Chevron supports educational initiatives in La Guajira for Wayúu community members who live in remote areas and lack access to education. These initiatives focus on early childhood and continue through high school, some offering internships designed to inspire career paths. For example, we partner with the Colombian Institute for Family Welfare to support programs for nearly 600 preschoolers.
Chevron has also worked with partners to build the Laachon Ethnic Education Center, which serves 2,600 children from indigenous communities in rural areas of the Manaure municipality. The center is a boarding school that educates children from distant homes. We support teacher-training programs that have helped more than 500 students improve their national test scores. And over the last 10 years, we have provided more than 80 university scholarships to high school graduates in La Guajira. Currently, 40 students attend universities on scholarships funded by Chevron.
Chevron supports health care programs in the communities where we operate.
Improving health for indigenous populations
In 2014, Chevron and the Baylor College of Medicine Pediatric AIDS Initiative at Texas Children’s Hospital partnered to launch a $1.5 million, five-year maternal and child health care program called SAIL (Salud y Autosuficiencia Indígena en La Guajira). The program provides care for expectant mothers and young children with the goal of reducing malnutrition and reversing high morbidity and mortality rates, which in La Guajira are three times higher than the national average. The program also includes training for local health workers.
In 2015, we collaborated with a broad spectrum of entities to fight hunger. Partners included the Colombian government and local health institutions as well as local and international academic and development partners. Thirteen training sessions were held for local health professionals and doctors, and health assessments were given to people living in 172 communities. More than 700 malnourished children in the Wayúu indigenous communities of Riohacha and Manaure were identified and treated. With the support of the Exito Foundation, a major Colombian nongovernmental organization, emergency food supplies were provided to nearly 500 Wayúu families.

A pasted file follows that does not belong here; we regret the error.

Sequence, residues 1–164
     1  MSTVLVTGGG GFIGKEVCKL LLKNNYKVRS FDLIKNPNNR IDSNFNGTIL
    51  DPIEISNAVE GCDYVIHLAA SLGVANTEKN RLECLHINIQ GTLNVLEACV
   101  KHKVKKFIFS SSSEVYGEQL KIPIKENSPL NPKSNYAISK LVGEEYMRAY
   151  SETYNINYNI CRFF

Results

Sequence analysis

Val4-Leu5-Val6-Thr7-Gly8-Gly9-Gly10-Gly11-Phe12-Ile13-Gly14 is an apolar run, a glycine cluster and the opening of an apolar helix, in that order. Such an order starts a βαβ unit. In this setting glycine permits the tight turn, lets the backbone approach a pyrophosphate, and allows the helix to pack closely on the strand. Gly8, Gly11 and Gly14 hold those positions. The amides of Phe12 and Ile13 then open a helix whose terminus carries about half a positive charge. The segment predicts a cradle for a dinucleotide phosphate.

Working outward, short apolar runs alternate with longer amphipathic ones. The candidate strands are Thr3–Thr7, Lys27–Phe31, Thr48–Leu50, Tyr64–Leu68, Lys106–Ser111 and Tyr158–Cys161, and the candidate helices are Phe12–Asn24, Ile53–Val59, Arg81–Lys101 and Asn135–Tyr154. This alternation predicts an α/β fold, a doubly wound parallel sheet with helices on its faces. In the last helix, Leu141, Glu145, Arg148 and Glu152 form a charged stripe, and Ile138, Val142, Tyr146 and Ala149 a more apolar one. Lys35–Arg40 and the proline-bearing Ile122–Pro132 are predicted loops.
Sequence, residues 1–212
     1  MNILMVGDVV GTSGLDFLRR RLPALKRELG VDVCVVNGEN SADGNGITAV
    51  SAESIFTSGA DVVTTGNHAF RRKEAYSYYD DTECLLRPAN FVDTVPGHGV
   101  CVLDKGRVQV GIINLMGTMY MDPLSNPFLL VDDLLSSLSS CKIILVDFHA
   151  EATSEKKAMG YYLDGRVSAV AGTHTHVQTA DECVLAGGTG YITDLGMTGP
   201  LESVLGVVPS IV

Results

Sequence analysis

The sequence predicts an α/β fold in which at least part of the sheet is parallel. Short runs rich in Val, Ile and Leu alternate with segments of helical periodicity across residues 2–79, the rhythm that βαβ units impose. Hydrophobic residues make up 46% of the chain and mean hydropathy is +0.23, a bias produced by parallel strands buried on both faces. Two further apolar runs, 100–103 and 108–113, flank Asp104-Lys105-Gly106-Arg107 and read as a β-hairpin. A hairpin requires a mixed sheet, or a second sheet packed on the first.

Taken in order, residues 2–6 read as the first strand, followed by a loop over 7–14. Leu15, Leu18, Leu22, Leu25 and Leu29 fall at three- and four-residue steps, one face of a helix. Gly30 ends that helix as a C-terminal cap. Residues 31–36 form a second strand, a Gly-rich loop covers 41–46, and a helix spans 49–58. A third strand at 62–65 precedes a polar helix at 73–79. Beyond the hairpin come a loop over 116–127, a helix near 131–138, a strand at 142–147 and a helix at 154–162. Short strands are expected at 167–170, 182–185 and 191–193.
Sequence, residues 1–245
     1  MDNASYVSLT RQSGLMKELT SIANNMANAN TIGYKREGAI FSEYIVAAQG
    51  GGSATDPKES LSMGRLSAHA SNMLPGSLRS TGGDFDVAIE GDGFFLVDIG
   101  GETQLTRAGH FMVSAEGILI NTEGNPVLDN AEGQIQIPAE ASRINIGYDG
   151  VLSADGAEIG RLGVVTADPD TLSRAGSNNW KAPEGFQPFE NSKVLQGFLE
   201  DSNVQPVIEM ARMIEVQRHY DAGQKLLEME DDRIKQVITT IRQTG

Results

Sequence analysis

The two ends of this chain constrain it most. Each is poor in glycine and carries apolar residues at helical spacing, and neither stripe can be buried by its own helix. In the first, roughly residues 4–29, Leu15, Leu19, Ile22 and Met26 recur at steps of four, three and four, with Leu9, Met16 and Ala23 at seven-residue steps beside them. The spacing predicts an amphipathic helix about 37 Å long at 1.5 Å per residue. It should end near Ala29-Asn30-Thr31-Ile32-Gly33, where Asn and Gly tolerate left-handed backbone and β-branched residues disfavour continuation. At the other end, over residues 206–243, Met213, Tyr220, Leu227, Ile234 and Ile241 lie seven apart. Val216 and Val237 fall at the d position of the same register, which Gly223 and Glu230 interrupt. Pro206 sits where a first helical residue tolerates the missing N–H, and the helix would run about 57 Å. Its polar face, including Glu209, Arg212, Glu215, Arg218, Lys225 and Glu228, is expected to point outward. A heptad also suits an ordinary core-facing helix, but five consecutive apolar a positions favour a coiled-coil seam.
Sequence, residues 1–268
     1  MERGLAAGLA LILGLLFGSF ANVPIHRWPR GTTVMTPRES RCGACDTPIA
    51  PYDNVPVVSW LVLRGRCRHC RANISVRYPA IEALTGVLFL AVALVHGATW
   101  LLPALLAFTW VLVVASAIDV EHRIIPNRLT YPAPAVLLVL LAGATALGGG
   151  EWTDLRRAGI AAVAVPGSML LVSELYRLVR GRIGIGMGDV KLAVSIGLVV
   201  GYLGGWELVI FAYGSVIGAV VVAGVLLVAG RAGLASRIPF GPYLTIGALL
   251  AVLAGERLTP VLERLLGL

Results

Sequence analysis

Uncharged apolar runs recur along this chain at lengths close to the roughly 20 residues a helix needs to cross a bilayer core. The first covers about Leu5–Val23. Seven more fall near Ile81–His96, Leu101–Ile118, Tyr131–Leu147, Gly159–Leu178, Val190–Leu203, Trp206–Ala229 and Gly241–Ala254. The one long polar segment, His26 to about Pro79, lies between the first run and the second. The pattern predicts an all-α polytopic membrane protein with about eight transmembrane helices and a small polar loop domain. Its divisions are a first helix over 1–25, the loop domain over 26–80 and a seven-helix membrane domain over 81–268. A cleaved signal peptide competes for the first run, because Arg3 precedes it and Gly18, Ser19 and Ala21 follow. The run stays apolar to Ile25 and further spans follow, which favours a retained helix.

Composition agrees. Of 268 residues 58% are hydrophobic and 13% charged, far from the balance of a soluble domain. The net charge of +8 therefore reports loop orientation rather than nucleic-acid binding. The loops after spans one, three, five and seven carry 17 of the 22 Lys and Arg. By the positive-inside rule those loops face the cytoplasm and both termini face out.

Chevron employees from Bogotá and Riohacha joined efforts in 2016 to fund an emergency nutrition assistance program for indigenous Wayúu community members facing deficiencies in the northern Colombian province of La Guajira, near the company’s operations. Some employees donated the equivalent of one day’s salary. The employees’ efforts raised nearly $20,000, to which Chevron added $17,000 from its local social investment budget, enough to secure nearly 10 tons of emergency food aid.
Enabling water access
Intense summers and severe water shortages in La Guajira make access to water challenging. In 2005, Chevron began developing projects to expand access to water sources in remote and isolated Wayúu communities. To date, the company has installed 11 water wells near our natural gas production facilities for the benefit of community members living nearby.
Helping families through Operation Smile
Chevron Colombia and Operation Smile Foundation have partnered for 17 years to provide free surgeries for children in La Guajira suffering with cleft lip and palate conditions. With the aim of improving their welfare as well as their social and family integration, more than 52 patients have undergone successful operations each year.
record of achievement
Chevron’s partnership with the Colombian people has deep roots.
The company began exploring for oil in Colombia in the late 1920s and made crude oil and natural gas discoveries during the 1960s and 1970s. The oil fields were sold during the 1990s. Two additional oil fields, in the Llanos Basin, were turned over to Ecopetrol in 2000.